TWO High Court judges have ruled a Blackburn man can appeal against an order to extradite him to Italy where he faces a prison sentence.

Marek Lewicki, born in Poland, was convicted in his absence by a criminal court in Naples in October 2015 with 11 others of organising a criminal cross-border tobacco smuggling organisation to avoid tax.

The 45-year-old was sentenced to three years and eight months in prison.

Nine other charges relating to specific offences of smuggling tobacco were dismissed as being out of time.

Lewicki moved to Blackburn in 2010 to live with his partner and their two children, now nine and six. He was arrested in the town on June 28 2015.

The Italian court applied for Lewicki’s extradition to Naples under a European Arrest Warrant EAW for all ten charges, also alleging he had absconded to avoid trial.

In August 2016 District Judge John Zani sitting at Westminster Magistrates Court ruled he could be extradited to Italy on all counts.

The Judge said Lewicki could still use the Italian courts to appeal his conviction for being part of a criminal association operating between 2005 and 2010.

Last year Lewicki appealed to the High Court in London on five grounds against that decision and the case was heard by Judges Sir Nigel Sweeney and Dame Victoria Sharp.

They dismissed the appeal on four of the five grounds and quashed the extradition for the nine specific offences of smuggling which the Italian court had ruled out of time.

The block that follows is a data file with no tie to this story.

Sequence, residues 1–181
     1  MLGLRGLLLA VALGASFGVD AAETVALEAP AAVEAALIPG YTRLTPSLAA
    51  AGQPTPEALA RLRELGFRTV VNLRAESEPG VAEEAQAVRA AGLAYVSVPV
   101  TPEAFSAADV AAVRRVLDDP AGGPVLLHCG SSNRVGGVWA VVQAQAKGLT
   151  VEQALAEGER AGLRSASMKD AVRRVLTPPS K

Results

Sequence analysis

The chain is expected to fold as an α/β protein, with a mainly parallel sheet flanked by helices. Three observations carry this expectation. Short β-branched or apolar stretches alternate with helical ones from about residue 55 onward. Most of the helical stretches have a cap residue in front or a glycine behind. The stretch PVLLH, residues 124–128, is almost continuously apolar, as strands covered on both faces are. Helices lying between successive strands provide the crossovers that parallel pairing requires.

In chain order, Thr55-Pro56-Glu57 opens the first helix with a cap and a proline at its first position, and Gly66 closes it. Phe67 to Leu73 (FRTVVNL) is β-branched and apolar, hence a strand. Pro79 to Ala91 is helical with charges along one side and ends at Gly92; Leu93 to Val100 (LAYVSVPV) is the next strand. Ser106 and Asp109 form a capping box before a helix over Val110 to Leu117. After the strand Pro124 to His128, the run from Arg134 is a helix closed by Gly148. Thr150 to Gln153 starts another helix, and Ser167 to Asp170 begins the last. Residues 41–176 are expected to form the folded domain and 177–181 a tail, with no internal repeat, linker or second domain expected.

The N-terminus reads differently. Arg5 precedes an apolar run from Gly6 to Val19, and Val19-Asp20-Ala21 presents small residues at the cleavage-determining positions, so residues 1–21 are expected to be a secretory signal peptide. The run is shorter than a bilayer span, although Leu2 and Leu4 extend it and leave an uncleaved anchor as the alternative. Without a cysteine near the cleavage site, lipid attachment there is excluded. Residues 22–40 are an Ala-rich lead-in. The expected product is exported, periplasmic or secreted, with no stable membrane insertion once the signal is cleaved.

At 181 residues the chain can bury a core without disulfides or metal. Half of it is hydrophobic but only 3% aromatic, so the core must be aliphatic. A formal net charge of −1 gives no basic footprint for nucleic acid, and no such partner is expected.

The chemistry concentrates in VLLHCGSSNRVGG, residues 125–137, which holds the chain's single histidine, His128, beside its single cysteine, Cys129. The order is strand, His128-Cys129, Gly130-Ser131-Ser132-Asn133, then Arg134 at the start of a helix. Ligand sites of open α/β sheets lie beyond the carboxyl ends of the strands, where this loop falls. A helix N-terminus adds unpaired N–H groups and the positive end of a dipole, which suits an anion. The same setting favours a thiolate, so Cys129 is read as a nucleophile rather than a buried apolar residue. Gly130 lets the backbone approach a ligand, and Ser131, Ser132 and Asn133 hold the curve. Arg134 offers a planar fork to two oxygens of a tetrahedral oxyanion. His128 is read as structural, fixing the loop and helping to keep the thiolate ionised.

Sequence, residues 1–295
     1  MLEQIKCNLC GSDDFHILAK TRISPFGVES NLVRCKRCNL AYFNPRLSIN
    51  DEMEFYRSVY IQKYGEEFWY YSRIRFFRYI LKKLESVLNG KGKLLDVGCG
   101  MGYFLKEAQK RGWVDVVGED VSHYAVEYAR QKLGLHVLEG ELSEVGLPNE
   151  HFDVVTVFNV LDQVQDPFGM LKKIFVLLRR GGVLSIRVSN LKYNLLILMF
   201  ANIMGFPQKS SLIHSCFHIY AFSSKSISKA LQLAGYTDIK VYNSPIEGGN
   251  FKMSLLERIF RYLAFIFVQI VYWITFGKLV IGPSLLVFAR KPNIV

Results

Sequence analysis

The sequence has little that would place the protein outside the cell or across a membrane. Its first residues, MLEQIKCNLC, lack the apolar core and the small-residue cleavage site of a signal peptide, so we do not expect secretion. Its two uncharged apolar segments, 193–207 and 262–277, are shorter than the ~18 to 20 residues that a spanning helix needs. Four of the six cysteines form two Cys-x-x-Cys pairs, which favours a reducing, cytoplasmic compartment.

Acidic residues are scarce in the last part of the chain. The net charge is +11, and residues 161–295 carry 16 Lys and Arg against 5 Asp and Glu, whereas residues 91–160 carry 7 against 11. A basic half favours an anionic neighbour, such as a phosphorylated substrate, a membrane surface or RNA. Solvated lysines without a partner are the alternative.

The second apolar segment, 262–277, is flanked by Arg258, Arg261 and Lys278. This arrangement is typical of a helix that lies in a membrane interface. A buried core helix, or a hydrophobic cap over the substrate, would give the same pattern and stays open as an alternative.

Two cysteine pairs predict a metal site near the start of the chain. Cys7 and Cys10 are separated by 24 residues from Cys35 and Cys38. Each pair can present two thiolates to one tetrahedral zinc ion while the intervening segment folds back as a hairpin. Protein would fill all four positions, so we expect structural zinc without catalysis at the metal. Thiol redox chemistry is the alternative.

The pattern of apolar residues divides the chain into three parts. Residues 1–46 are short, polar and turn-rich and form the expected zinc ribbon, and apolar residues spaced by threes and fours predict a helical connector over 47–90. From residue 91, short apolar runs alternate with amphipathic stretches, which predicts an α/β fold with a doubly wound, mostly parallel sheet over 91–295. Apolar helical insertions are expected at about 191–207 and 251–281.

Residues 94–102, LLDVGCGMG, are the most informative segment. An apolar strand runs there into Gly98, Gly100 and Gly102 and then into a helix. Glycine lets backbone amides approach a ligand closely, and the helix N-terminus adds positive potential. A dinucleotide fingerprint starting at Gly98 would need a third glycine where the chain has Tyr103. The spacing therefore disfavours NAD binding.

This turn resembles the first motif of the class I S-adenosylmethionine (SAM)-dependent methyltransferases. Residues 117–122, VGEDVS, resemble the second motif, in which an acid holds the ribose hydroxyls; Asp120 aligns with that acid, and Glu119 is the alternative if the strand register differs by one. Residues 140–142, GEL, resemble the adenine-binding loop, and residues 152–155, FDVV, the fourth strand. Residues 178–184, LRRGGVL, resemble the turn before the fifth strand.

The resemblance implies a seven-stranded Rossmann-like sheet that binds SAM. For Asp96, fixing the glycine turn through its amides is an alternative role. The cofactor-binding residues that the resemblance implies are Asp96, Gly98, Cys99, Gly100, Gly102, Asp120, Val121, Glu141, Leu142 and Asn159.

Judge Sweeney in a published judgement said: "However, the order for the applicant’s extradition in relation to the offence of participation in a criminal association stands.”

He added that while the conviction for forming a criminal association to organise cross border tobacco smuggling included the conduct underlying the nine specific and dated offences, it was not confined to that conduct,

However Judge Sweeney, with Judge Sharp’s agreement, allowed Lewicki to appeal his extradition for the offence for which he had been convicted and imprisoned on grounds of potential abuse of process

He said any appeal would be ‘strictly limited to the abuse of process argument in relation to the ultimate order to extradite the applicant in respect of all the offences set out in the EAW’.

The judges dismissed the claim he had absconded saying he did not know the trial in Naples was taking place.

The charges in Italy alleged that Lewicki and others had formed ‘a criminal cross-border organisation which operated in Italy and Poland’.

They said he ‘promoted, set up, directed and organised the criminal organisation – the object of which was to carry out an indeterminate series of offences involving the smuggling of large quantities of foreign processed tobacco into Italy, thereby avoiding the payment of VAT’.

The accusation against Lewicki was that he ‘in particular, had been a permanent and continuative supplier of tobacco originating from outside Italy and destined for the markets of Naples’.